Disclaimer - apologies for the poor camera lighting and photography in advance.
This is part one of a three part painting tutorial I will be adding to the site in order to celebrate the release of Dark Vengeance. Not only will this allow me to show some of the techniques I will be using on my Dark Angels over the next few months, but also hopefully will be of help to anyone who has the boxed set or who may be thinking of starting Dark Angels when they get a new codex, hopefully soon.
Part one will focus on the rank and file Dark Angel tactical marine and will demonstrate how I paint armour and also plasma weapons. Part two, which will hopefully be up by the weekend, focuses on painting the ravenwing and also robes. Part three, again hopefully up over the weekend, focuses on the Deathwing and painting swords/green robes. I will state the colours used and include the new paint range equivalent in parentheses should I use older paints at any point. As I’m going to paint them from scratch in one sitting I will also give an estimate of how long they took to paint. These tutorials are simply my take on things and are by no means the best way to paint them. Hopefully they will be of some help to people though. Without further ado, on to part one:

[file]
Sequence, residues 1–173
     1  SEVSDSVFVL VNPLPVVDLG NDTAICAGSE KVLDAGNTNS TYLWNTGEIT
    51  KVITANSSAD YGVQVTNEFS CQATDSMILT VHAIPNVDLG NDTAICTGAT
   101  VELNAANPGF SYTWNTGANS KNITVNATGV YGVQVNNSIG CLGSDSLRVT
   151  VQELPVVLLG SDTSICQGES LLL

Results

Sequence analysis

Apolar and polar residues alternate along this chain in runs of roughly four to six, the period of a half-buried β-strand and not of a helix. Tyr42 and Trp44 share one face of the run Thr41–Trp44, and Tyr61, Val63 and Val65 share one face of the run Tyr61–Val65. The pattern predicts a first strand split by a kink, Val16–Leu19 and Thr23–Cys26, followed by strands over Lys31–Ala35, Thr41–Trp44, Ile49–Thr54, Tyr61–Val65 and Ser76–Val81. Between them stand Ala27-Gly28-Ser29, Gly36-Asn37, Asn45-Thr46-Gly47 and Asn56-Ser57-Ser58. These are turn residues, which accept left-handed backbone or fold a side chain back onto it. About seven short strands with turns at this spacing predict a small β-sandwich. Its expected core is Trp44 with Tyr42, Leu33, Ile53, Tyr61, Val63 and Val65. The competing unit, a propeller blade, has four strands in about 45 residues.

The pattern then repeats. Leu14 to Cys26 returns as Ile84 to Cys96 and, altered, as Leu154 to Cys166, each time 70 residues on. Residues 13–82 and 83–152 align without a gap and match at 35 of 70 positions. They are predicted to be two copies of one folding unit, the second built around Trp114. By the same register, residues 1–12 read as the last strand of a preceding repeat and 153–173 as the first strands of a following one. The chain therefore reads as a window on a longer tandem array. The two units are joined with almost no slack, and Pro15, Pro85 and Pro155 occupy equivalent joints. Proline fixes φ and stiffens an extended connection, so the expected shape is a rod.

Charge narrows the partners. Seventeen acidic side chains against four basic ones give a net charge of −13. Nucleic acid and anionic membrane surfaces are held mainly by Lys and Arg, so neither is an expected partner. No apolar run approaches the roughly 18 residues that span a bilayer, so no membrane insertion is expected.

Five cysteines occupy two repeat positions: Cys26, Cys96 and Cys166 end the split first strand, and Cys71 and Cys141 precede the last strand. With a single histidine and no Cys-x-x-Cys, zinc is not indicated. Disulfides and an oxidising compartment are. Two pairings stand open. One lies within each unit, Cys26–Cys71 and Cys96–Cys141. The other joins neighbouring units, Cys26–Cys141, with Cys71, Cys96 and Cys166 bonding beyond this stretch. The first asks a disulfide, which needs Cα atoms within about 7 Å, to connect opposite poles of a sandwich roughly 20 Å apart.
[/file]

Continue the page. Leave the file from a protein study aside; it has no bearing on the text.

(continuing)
1. Undercoat: black spray. (always best to give it a lookover first and touch up any missed areas)
2. Base coat: caliban green. Don’t worry about messing up other areas such as the gun as these will be more than covered later.
3. Layer: Dark Angels green (I prefer the more vibrant green to that of caliban green. As it is no longer available you could get a similar colour by adding warpstone glow to caliban green or just ignore this step entirely)
4. Highlight: Snot green (Warpstone glow) I try to catch all the edges with the brush turned at 45 degrees to the model. Where this is not possible I make a best guess. Don’t be afraid to make a bit of a mess then clean up with the previous colour after. This is especially handy with highlighting both inner and outer edges of shoulder trim. These highlights can be a bit tedious so you may want to have multiple models at different stages on the go at once for a bit of variety.